'A nation or no nation?' Enoch Powell and Thatcherism

Schofield, Camilla (2012) 'A nation or no nation?' Enoch Powell and Thatcherism. In: Making Thatcher's Britain. Cambridge University Press, Cambridge, pp. 95-110. ISBN 978-1107012387

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If one looks at Thatcherism through the prism of Enoch Powell, it becomes clear what Thatcherism is not: it is not a conservative philosophy of the nation. For Powell, the nation-state was the ‘ultimate political reality’. There was ‘no political reality beyond it’. In an effort to salvage that reality, Powell in 1963 argued for what he called a ‘new patriotism’ – oriented towards entrepreneurship and a post-imperial national pride. Five years later, it was again ‘the nation’ that took precedence, when he spoke of future national disintegration due to the supposedly unbreachable divide of racism. For Powell, civil society once ‘lost’ could not be found. In contrast, for Margaret Thatcher, Britain’s ‘reawakening’ was beyond itself, a reawakening of ‘the values and traditions on which Western civilization, and prosperity, are based’. Britain or Britishness came to be synonymous not with that fragile ‘web of understood relationships’ but with a set of values – with the ‘spirit of trade’ and self-reliance. Yet Thatcherism was a situational, strategic ideology. The question still unanswered in the 1970s for the ideological makers of Thatcherism was who would commit to this ‘enterprise culture’ – the Asian and West Indian middle classes or Powell’s disillusioned working-class supporters (who tended, the polls found, to have ‘weak class identifiers’)? There is no doubt that Powellism helped to produce Thatcherism, or that Powell contributed both to the New Right’s political and economic thinking and to Thatcher’s rhetorical style. As Andrew Gamble put it in 1974, Powell aired new grievances, new alliances and a new ‘politics of power’ that could be harnessed in support of Thatcher. But, as this chapter argues, this coherence between Powell and Thatcherism was contingent and incomplete. Powell himself replied, when it was remarked that Thatcher was a convert to Powell’s monetarist policies, that it was ‘A pity she did not understand them!’ For Powell, monetarism was not a moral endeavour: it was a necessity of national economic independence.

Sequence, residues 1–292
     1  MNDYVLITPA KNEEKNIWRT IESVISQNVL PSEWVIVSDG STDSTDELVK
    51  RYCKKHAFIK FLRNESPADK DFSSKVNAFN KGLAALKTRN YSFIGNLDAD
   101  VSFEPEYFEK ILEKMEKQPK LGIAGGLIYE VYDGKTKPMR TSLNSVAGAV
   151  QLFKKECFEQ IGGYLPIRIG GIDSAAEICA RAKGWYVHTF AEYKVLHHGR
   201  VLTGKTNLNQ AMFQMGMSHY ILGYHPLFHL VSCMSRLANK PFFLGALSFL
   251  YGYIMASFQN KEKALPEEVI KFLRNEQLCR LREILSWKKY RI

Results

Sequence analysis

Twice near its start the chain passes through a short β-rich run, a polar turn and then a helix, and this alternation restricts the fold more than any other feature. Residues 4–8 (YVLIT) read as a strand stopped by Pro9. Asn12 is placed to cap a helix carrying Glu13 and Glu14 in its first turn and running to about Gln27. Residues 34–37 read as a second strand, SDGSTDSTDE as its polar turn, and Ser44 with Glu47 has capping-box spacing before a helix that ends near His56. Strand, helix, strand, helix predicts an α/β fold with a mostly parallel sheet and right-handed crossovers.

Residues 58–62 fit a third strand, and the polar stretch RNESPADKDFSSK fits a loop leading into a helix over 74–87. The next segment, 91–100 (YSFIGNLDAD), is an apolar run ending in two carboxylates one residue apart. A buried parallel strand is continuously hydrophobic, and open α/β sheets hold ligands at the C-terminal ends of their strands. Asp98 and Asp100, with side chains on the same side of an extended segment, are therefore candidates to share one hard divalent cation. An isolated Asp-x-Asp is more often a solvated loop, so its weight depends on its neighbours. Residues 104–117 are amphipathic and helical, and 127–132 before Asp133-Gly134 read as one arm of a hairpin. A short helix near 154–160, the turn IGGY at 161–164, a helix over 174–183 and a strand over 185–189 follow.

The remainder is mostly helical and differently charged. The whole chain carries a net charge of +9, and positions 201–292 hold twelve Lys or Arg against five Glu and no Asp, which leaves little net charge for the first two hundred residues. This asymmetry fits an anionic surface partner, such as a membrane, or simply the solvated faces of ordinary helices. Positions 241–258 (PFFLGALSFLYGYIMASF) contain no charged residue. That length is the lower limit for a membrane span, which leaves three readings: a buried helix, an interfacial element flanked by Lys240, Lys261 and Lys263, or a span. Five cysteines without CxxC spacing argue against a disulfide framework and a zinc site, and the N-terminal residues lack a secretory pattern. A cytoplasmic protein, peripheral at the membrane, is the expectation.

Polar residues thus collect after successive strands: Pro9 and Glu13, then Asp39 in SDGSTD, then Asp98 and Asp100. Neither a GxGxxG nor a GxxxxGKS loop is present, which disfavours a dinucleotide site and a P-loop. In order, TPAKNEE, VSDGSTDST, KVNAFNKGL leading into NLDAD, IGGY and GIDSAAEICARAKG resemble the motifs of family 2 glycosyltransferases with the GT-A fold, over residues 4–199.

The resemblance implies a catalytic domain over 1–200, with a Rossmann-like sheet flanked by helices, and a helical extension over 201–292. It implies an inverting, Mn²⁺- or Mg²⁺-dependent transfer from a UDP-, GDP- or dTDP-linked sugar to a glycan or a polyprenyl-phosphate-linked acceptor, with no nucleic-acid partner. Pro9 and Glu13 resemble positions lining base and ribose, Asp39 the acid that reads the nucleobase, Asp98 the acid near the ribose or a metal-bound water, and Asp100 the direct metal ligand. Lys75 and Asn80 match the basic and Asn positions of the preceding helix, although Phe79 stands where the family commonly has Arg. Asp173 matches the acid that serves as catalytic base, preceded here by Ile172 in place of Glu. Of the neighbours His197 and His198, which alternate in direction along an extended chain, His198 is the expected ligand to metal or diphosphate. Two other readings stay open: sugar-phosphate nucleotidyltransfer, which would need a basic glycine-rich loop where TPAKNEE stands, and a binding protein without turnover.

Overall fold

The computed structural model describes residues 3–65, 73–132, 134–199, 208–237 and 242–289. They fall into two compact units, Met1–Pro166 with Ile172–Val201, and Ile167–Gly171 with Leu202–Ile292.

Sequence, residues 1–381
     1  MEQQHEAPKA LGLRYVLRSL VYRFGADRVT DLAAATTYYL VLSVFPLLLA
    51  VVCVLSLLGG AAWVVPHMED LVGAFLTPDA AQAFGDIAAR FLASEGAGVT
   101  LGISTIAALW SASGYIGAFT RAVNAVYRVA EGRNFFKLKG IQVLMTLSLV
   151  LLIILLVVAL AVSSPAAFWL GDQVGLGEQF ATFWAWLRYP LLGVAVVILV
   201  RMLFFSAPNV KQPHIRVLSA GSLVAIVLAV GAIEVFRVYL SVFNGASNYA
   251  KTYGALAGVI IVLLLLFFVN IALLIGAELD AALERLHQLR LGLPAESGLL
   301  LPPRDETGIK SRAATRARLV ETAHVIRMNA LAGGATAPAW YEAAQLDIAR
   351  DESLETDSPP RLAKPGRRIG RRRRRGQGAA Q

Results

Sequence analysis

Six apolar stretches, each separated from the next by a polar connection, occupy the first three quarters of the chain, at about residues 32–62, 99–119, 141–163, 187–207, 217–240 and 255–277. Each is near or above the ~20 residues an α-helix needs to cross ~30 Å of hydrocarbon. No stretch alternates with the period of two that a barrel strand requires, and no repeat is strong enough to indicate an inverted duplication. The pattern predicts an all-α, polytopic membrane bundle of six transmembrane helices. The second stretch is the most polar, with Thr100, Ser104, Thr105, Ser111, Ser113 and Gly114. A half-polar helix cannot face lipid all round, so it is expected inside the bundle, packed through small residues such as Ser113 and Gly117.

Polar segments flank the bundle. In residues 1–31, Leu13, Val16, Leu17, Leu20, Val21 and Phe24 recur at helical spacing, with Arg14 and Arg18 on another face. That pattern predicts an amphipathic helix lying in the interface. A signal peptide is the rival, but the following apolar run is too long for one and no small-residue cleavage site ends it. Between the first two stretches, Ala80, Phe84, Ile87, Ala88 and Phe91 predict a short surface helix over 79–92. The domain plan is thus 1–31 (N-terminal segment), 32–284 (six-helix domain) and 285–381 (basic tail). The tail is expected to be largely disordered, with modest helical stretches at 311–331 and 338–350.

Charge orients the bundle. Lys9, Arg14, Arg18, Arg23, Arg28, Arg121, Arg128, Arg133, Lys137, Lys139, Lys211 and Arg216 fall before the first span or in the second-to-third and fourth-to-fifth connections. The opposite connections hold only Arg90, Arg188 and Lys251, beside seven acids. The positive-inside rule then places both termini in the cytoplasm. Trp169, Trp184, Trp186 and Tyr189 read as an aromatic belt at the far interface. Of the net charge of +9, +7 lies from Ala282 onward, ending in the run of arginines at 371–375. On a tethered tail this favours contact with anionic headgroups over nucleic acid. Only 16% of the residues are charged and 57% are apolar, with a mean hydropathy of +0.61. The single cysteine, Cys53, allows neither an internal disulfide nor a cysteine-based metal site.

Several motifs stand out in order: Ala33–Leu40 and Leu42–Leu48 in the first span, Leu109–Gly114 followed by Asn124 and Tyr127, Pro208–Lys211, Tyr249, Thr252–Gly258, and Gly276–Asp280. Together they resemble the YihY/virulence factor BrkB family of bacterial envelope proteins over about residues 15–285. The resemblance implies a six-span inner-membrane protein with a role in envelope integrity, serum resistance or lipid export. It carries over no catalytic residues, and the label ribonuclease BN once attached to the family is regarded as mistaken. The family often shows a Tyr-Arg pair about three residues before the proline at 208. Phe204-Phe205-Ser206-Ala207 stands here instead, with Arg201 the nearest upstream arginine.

Item Type: Book Section
Faculty \ School: Faculty of Arts and Humanities > School of History
Depositing User: Pure Connector
Date Deposited: 26 Nov 2013 12:30
Last Modified: 27 Oct 2023 02:22
URI: https://ueaeprints.uea.ac.uk/id/eprint/44833
DOI: 10.1017/CBO9780511998164.007

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